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It is worth noting that the chaotic state of abortion rights in mid-20th century America was not, as some on the Supreme Court have implied, a longstanding tradition. When the Founding Fathers developed the Constitution, they intentionally stayed quiet about all medical procedures — including abortions. Because they viewed abortion as falling into the same category as any other health matter that a citizen might privately discuss with a doctor, they deferred to the common law assumption that neither the courts nor lawmakers should intervene. James Wilson, who wrote the preamble to the Constitution, summed up this perspective during a lecture in 1790 (three years after the Constitution's ratification) where he deferred to an English common law expert's view that "in the contemplation of law, life begins when the infant is first able to stir in the womb."

"Stir in the womb" refers, in this context, to the period of quickening, one that can occur as early as 16 weeks and as late as 25 weeks into a pregnancy.

Setting a precedent that has continued to the present, the first major attempts to regulate abortion came from individuals who wanted to subjugate women. In the mid-19th century, a physician named Horatio Storer began to call for the national regulation of abortion as part of his belief that male doctors and not female midwives should populate the field of medicine. There were also concerns that Protestants would have abortions and Catholics would not, enabling immigrants from Catholic countries to out-populate whites. Finally there were people who wanted to regulate abortion so that slaves could be forced to bear children.

By the mid-20th century, these various strains of prejudice had led to a state of chaos. By 1971, only six states and Washington D.C. legally allowed abortions. Although New York had only legalized the procedure one year earlier, the state quickly developed a reputation as the best place to go for people who needed abortions; in 1971, 84 percent of abortions, when performed for patients who lived in another state, took place in New York. As an Ohio college freshman from the time named Pamela Mason later recalled, "I was very relieved because New York was doable. It was 500 miles away."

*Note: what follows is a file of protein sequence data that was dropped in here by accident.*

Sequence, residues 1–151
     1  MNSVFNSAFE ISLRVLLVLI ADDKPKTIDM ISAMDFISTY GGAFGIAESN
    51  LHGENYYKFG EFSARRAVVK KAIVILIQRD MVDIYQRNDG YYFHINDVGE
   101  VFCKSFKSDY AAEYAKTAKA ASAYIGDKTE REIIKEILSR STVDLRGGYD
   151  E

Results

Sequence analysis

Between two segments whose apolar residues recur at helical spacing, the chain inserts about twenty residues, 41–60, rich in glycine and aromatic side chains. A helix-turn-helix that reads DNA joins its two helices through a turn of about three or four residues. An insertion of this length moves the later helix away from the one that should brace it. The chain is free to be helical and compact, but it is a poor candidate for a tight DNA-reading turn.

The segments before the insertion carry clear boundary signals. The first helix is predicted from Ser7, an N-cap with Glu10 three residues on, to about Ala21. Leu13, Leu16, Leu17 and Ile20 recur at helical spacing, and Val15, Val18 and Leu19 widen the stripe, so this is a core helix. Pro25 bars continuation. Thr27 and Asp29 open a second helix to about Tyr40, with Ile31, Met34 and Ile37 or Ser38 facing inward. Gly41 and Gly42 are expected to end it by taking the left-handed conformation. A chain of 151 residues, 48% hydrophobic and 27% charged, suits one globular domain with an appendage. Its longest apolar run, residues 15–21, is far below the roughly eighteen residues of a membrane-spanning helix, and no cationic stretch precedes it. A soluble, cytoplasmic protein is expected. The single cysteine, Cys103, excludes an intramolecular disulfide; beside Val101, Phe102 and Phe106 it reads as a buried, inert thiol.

Overall, experts believe that 400,000 abortions were performed in New York during the brief period from 1970 to 1973 when it was one of the few states that legally permitted it. It is estimated that two-third of those abortions were for out-of-state patients.

But how many Americans received abortions overall during this time?

"Scholars will probably never be able to answer that question with precision precisely because the procedure was illegal," Karissa Haugeberg, assistant professor of history at Tulane University, told NPR in 2019. "But scholars estimate that between 20% and 25% of all pregnancies ended in abortion before Roe v. Wade." Haugeberg added that roughly 200 women would die from botched abortions every year during the period immediately preceding Roe v. Wade. In addition to succumbing to shoddy abortionists, many women would die through self-induction like trying to throw themselves down stairs, taking poisons or using coat hangers.

In a brief filed to the Supreme Court in December during arguments over the current abortion case, Dobbs v. Jackson Women's Health Organization, 154 economists and researchers pointed out that Roe v. Wade helped create order out of this chaos and materially benefited Americans in a number of ways: It reduced teen motherhood by 34%, teen marriages by 20%, improved rates for women achieving education and increased women's wages.

"Women continue to rely on abortion access to plan their reproductive, economic, and social lives," the brief says. "Causal inference tells us that abortion legalization has caused profound changes in women's lives. But those changes are neither sufficient nor permanent: abortion access is still relevant and necessary to women's equal and full participation in society."